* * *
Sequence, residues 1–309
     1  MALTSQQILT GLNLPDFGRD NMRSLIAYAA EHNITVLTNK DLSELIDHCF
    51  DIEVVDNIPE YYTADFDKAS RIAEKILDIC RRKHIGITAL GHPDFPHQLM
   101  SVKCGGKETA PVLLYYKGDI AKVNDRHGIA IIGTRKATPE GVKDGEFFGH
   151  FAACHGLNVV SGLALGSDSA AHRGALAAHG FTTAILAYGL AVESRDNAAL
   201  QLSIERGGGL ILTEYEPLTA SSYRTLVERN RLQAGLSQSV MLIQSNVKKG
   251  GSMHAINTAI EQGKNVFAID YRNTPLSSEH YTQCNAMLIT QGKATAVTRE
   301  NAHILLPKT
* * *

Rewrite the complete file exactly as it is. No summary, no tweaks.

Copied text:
Sequence, residues 1–309
     1  MALTSQQILT GLNLPDFGRD NMRSLIAYAA EHNITVLTNK DLSELIDHCF
    51  DIEVVDNIPE YYTADFDKAS RIAEKILDIC RRKHIGITAL GHPDFPHQLM
   101  SVKCGGKETA PVLLYYKGDI AKVNDRHGIA IIGTRKATPE GVKDGEFFGH
   151  FAACHGLNVV SGLALGSDSA AHRGALAAHG FTTAILAYGL AVESRDNAAL
   201  QLSIERGGGL ILTEYEPLTA SSYRTLVERN RLQAGLSQSV MLIQSNVKKG
   251  GSMHAINTAI EQGKNVFAID YRNTPLSSEH YTQCNAMLIT QGKATAVTRE
   301  NAHILLPKT